Pininfarina solved the problem with the boldest design ever used on a production Ferrari. The Testarossa’s narrow front end tapered out to an incredibly wide rear end. Horizontal strakes flowed from the front of the doors back into the rear fenders — camouflaging and protecting the large radiator openings. It was at once a triumph of “form follows function” and haute couture of the first order.

Parallel to the Testarossa market there was a gold rush for all collector cars. The mantra became, “You can’t pay too much; you can only buy too soon.” Eerily similar to today, the next car on the market was always priced more than the last one sold — with little consideration for condition or provenance.

The Testarossa bust

All good things come to an end, and by 1990, the party was over. As quickly as someone flipping a switch, the lights went out. All manner of collector cars became nearly unsellable almost overnight — the Testarossa included. People who had waited three years for a Testarossa walked away from their deposits rather than take a car. By 1994, it took a $30,000 incentive from Ferrari to clear out the last of the 512 TRs.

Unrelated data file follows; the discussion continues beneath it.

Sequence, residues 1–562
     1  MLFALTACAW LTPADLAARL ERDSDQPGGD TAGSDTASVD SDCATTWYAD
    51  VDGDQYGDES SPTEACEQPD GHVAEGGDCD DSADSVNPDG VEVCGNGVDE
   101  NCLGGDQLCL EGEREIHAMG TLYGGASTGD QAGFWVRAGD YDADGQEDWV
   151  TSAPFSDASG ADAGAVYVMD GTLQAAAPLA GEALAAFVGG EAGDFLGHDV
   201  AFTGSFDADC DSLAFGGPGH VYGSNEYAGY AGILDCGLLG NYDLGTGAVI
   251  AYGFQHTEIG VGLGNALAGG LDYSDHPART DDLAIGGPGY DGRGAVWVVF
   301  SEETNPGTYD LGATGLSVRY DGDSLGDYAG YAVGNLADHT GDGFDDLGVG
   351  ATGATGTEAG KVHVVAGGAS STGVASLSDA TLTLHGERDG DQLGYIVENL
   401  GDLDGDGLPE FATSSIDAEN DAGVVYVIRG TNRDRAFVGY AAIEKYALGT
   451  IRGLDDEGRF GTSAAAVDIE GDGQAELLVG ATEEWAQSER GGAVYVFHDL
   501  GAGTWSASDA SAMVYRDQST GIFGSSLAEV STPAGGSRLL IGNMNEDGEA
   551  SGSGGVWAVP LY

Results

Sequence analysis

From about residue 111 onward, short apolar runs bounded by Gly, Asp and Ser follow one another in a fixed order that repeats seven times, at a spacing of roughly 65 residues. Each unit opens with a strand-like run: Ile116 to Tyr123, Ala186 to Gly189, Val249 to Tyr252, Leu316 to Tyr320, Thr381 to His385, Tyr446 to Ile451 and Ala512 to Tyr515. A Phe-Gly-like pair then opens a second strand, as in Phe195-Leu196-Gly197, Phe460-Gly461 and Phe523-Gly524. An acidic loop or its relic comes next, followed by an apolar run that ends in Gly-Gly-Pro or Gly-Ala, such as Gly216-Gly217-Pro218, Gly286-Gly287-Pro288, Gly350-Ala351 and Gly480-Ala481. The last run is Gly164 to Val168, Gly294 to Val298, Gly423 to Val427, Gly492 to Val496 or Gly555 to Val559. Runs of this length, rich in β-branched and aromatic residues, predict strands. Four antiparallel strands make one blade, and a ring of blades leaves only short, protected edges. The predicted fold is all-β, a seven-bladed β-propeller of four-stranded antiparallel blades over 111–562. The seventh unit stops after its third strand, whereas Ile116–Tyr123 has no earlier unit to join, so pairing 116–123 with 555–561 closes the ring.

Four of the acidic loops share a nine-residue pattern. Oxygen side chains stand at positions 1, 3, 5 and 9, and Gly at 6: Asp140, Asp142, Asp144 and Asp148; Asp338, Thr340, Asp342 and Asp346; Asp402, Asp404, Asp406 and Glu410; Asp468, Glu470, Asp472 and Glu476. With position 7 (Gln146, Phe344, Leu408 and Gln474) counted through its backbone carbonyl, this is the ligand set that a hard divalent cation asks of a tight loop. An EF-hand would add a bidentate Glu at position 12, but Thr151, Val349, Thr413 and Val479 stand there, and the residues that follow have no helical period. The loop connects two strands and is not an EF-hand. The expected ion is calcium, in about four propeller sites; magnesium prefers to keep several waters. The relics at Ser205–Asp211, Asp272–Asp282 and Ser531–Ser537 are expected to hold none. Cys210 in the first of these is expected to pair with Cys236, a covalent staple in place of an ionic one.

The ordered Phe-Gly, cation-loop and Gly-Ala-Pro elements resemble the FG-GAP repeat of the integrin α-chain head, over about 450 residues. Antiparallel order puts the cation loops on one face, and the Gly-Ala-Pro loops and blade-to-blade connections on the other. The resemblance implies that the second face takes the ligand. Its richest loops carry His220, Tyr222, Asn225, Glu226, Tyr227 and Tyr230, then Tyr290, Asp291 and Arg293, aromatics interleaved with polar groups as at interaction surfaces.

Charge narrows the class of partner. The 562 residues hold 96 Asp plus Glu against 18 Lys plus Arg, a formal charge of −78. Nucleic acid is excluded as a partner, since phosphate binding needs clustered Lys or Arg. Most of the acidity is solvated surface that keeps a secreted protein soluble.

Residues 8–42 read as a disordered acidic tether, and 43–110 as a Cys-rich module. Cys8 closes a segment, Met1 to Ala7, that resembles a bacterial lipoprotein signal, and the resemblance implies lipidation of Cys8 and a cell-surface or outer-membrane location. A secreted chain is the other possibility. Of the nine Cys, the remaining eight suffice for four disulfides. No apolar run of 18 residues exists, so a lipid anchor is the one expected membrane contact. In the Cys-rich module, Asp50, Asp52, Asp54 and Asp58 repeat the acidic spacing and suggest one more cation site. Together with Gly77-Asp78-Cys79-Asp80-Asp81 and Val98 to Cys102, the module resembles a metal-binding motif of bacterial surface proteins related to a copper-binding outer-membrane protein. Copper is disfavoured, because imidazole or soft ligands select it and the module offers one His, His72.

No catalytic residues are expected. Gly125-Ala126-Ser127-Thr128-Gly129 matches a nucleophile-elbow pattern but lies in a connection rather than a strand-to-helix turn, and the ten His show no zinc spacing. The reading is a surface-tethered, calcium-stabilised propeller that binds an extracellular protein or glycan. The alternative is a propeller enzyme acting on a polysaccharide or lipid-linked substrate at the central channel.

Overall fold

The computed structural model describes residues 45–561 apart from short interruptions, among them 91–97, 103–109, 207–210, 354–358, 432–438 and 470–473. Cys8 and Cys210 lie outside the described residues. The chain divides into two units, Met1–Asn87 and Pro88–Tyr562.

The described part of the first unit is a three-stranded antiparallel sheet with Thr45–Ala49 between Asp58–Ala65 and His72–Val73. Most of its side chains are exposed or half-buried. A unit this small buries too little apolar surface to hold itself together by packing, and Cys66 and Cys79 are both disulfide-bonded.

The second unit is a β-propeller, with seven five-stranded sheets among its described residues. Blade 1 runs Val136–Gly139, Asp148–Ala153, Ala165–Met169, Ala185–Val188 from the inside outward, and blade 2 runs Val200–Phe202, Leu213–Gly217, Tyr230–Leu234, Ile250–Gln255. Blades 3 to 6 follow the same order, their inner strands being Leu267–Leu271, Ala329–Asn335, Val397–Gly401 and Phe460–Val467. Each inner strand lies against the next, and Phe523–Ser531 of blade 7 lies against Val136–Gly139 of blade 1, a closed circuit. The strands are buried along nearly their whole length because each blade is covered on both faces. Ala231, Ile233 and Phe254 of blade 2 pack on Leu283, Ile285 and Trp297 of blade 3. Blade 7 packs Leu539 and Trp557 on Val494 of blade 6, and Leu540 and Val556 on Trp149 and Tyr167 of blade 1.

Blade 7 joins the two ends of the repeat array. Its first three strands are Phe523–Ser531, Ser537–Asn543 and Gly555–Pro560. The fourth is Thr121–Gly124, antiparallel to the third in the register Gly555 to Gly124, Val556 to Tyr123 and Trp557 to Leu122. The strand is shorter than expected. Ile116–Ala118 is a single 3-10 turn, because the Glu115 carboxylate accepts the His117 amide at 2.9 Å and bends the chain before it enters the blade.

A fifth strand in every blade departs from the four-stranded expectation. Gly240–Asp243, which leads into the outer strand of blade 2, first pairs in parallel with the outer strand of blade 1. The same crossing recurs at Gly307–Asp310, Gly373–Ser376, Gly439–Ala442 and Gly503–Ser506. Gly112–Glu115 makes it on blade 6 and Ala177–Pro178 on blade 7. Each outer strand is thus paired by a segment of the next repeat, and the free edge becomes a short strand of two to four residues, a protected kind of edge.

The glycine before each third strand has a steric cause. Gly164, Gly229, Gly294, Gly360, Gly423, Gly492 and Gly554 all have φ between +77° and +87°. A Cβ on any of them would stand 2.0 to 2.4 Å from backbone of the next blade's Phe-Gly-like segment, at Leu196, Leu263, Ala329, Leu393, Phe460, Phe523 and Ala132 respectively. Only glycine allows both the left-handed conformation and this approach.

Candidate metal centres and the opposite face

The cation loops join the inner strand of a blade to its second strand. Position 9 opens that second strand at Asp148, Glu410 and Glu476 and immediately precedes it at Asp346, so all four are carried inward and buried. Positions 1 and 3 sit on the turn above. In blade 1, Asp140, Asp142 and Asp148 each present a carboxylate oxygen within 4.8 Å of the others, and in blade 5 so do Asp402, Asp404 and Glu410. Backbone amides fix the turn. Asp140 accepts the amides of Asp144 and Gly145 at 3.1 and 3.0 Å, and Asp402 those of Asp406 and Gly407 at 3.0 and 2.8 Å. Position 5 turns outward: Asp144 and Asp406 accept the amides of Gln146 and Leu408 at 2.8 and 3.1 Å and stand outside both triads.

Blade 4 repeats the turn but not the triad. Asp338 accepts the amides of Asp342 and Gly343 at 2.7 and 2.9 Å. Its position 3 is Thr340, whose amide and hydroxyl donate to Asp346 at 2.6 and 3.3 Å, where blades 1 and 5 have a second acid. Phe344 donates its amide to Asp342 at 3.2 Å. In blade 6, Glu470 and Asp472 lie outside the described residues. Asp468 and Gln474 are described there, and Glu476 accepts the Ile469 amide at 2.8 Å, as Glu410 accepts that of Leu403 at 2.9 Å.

The 512 TR followed the Testarossa and was built from 1991 through 1994. It was a credible update of its predecessor. The sail panels were trimmed, and the rear lip was sculptured. The front bumper cap was cleaned up, and the wheels were nicely updated. Inside, subtle changes gave the car a more modern look, and a new seat design made the car more comfortable.

Engine tweaks bumped power to the 425-hp range, with complementing acceleration and top-speed improvements. A new intake design gave the fuel-injected 512 a roar that mimicked the sound of a multiple carburetor setup. The change added a sporting characteristic to the 512 that was missing in the original Testarossa.